MISSOULA — Arm on Josh Vazquez’s shoulder, Sayeed Pridgett dished out some wisdom to the Montana true freshman guard during the second half of Monday’s win over Texas Southern.
It was a quick conversation and Pridgett, a senior, had several throughout the evening with various younger players on the team during stoppages in play, often after a turnover, a missed defensive assignment or a mistake on an offensive play.
Montana is still trying to figure out a lot on the court and Pridgett is too. The Oakland, California, product has been in this situation before, but as the one receiving advice instead of giving it.
He will readily admit it has been an adjustment.
“I’m just so anxious to win,” Pridgett said. “So it’s like, the way things come out might be a little different than I mean it. So I have to come back to my teammates and tell them, no, no, I wasn’t trying to yell at you, it’s just the intensity of the game that I’m yelling to get my point across.”
Pridgett is the last man standing off a long-standing core that included the now-graduated Ahmaad Rorie, Michael Oguine and Bobby Moorehead. Working through his fourth year in the Montana basketball program, Pridgett has seen just about everything and learned quite a bit.
“It feels like it was yesterday,” Pridgett said. “I just said to them, ‘I know what’s going through your head right now, a lot’s going on. The game is faster, you learn new things, you come from a different system that you’ve been playing for in the past. So just slow down and we believe in you, glad you’re on the court with us.’”
The workload has increased everywhere. His move into a leadership role and the player for the rest of the team to go to is one thing. But Pridgett has a hand in a lot of the team-building and chemistry exercises ranging from helping organize open gyms on off days to getting the other players together for a trip out to eat.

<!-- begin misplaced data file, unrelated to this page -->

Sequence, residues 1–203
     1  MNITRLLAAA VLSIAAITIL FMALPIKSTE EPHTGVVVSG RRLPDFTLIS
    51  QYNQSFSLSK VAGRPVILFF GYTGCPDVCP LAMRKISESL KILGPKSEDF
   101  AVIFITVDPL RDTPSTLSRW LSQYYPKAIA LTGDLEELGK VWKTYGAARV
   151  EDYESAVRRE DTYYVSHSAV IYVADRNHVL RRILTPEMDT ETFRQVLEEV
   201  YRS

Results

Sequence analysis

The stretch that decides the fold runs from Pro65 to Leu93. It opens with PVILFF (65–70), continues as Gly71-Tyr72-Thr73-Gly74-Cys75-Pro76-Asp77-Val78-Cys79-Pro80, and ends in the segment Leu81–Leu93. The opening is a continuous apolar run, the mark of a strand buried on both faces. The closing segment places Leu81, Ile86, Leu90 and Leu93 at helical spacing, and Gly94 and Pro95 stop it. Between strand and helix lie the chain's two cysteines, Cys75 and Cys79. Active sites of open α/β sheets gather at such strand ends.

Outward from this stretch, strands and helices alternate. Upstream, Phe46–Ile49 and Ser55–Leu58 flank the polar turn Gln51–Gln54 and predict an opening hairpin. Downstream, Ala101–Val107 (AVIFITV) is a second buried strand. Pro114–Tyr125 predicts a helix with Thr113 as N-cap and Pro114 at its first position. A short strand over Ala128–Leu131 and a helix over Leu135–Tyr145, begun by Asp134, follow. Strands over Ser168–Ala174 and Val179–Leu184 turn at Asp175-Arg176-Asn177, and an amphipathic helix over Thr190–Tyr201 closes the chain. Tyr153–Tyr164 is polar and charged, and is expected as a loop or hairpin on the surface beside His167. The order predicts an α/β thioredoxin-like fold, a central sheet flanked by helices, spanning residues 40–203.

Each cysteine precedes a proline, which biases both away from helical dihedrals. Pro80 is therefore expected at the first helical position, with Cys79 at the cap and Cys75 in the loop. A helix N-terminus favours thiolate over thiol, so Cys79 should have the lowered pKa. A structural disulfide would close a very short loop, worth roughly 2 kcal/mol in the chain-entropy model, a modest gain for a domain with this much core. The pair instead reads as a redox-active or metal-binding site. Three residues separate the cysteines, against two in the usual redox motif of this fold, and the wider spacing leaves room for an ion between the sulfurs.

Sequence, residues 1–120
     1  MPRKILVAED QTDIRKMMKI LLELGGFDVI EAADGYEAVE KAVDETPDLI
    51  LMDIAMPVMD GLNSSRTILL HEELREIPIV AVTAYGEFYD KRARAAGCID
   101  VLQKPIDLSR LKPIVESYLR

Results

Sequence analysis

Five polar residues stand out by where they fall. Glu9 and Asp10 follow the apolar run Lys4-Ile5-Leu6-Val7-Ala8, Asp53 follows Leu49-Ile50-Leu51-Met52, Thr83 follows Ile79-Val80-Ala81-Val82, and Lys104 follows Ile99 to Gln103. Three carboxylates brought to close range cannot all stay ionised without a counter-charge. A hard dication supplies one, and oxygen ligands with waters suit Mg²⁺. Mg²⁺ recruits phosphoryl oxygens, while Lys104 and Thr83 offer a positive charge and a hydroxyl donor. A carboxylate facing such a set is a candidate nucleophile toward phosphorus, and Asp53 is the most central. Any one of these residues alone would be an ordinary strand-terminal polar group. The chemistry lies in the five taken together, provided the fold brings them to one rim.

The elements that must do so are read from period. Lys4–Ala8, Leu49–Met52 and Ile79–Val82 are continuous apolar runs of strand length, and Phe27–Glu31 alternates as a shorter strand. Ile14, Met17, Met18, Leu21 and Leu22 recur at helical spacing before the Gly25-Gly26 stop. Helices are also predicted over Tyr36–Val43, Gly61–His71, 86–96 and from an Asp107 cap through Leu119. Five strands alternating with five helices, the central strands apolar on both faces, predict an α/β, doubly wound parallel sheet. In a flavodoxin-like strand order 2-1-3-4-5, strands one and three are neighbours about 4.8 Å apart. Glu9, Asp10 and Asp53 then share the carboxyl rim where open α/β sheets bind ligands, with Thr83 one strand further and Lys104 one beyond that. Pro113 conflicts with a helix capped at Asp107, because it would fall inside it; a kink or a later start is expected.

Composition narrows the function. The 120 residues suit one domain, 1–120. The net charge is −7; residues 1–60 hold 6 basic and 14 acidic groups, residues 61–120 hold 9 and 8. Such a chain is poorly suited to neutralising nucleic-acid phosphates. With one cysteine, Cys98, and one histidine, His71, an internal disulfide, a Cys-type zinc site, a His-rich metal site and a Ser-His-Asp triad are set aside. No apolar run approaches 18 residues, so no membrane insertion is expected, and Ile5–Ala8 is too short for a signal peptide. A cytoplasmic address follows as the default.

Junior Timmy Falls and senior Kendal Manuel are a big part of those things too. But the leadership mantle has an obvious place in the Grizzly locker room.
“He brings a lot of energy. He’s not afraid to speak his mind and he’ll tell me if I’m doing something wrong and he’ll respond,” Falls said. “Just his presence on the court, he’s a good defender and I think he’s really improved on that from last year and then he’s a bucket down low.
“He brings a lot to our team.”
From a statistical standpoint, that is an understatement.
Pridgett leads the team in points, assists, rebounds, minutes, steals, blocks, field goals made and attempted, free throws made and attempted as well as turnovers.
In fact the only traditional stats he does not lead the team in are field goal percentage (he is second by a hair), offensive rebounds (also second) and free throw percentage.
“Phenomenal,” Montana coach Travis DeCuire said of Pridgett’s play. “His versatility, he’s a stat stuffer. He’s rebounding the ball, he’s scoring the ball at a high rate and he’s assisting. I think his steals right now are standing out too … we can get a lot from him and he can help us even when he’s not making shots.”
Six games into the season, Pridgett looks like a legitimate Big Sky MVP candidate and should be in for a tremendous season. Playing various positions on the court, Pridgett is an adept ball handler with great touch under the basket.
He has put much of the responsibility for what happens on the court on himself and hopes his teammates are watching. It could very well be them in that role down the line.
“If they see I can lead them and show them the right way to do things, then they can learn from my mistakes, my turnovers, and my bad decisions,” Pridgett said “They can learn from what I’m doing wrong and add it to their game.”